01 August 2016 News

SETI has new eyes on the skies

An Murchison Widefield Array radio telescope tile photographed with a
An Murchison Widefield Array radio telescope tile photographed with a "breakaway" hill in the background. Image: MWA

The first modern Search for ExtraTerrestrial Intelligence (SETI) experiment at low radio frequencies is underway, as researchers utilise the capabilities of the Murchison Widefield Array (MWA) to search the skies for the tell-tale signs of an advanced civilisation.

SETI experiments using radio telescopes first started in 1960 when Cornell University astronomer Frank Drake used the Green Bank telescope in West Virginia to examine two nearby stars. Since then a number of programmes, such as the Million-channel ExtraTerrestrial Assay (META) programme and SERENDIP (Search for Extraterrestrial Radio Emissions from Nearby Developed Intelligent Populations) plus offshoots of this experiment, have continued to search the skies ever since.

The search for life beyond our own neighbourhood has focused on scanning the radio portion of the electromagnetic spectrum, as the radio band on Earth is the corner-stone of communications technologies. It is therefore reasonable to assume that extraterrestrial civilisations may have also followed a similar technological path and used this frequency range for the same purposes.

Looking for radio waves produced by an advanced civilisation is not an easy task however, as the Universe is full of objects that emit their own radio waves over many different frequencies. It is therefore the task of teams such as this one from Italy and Australia to separate a manufactured signal from an astronomical one.

To do this, the team, whose lead author on the research paper is S.J. Tingay from the International Centre for Radio Astronomy Research (ICRAR) and the Istituto di Radio Astronomia in Italy, used the MWA, one of the most powerful low-frequency radio telescopes located in a remote, radio-quiet region of Western Australia, which is also one of three telescopes designated as a precursor for the Square Kilometre Array (SKA), to examine spectral line data generated from 115 minutes of observation time with the telescope.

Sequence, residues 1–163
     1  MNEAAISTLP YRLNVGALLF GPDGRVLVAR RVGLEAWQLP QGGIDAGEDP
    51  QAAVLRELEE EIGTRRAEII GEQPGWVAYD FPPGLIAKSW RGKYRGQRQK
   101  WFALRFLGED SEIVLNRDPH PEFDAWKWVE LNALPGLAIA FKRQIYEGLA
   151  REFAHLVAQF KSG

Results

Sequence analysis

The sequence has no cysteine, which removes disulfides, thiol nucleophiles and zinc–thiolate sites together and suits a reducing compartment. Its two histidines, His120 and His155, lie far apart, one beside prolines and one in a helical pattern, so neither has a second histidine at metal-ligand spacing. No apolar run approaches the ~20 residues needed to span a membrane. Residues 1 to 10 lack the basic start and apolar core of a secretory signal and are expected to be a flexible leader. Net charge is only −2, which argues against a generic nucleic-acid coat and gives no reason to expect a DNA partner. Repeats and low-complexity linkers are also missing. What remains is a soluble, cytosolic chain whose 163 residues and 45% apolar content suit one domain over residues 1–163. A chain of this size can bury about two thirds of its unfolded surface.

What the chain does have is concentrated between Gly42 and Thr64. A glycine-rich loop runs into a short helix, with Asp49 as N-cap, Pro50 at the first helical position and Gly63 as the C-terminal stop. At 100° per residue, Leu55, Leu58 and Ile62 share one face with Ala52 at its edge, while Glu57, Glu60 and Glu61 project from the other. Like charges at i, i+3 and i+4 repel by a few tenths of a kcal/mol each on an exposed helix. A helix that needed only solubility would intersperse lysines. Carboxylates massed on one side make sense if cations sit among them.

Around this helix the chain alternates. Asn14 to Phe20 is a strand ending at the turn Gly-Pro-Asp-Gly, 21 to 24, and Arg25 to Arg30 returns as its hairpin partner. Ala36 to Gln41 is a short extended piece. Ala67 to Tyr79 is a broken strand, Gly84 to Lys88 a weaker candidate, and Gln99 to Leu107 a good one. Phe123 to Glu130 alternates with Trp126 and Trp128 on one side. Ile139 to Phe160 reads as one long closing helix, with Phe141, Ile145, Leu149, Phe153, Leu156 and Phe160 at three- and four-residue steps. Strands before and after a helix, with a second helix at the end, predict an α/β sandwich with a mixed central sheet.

Within the field of view that the data was gathered from – approximately 400 square degrees – the team had to extract signals from 45 exoplanets in 38 planetary systems to ensure they were not confused with anything else. And, while the field of view that the team observed was large, the frequency range they covered was not particularly big. Nonetheless, this SETI pilot experiment has proved successful and taking into consideration the MWA’s operational frequency range, and its wide field of view, the team state that the Murchison Widefield Array provides a unique capability for future SETI projects.

Indeed, the team further state, that to perform a SETI experiment to the same depth as achieved in this experiment, but over the full MWA frequency range of 80 - 300 MHz, and over the full accessible sky from Western Australia, would require approximately one month of observing time – a goal that is entirely feasible for the near future. And, if that is possible, then so too should be a deeper look into the Universe, only that would require about a year to complete.

This pilot experiment is the start of bigger things to come, as one of the key science programs for the SKA, when it is operational, is themed the “cradle of life.” This will involve, amongst other things, systematic, volume-limited searches of exoplanet systems for signals from technologically advanced civilisations. The search therefore will continue, and it may not be too long before we find out whether we really are alone in the Galaxy or not.

For more information on this latest experiment, please click here http://arxiv.org/pdf/1607.08818.pdf

Popular articles

Popular articles

Special Reports

Sky-fi dawn of the space internet era

An artistic interpretation of orbital tracks for satellites in a mega constellation by artist Zoe Squires (see p108). Special Reports

Mega-challenges for mega-constellations

Left: Astronaut/Artist Karen Nyberg, ISS Expedition 37, shares her star quilt block. Right: Astronaut/Artist Karen Nyberg with the completed AstroBlock Quilt Challenge quilt that incorporates her star block in the centre. Space Lounge

Space for art: Quilting in orbit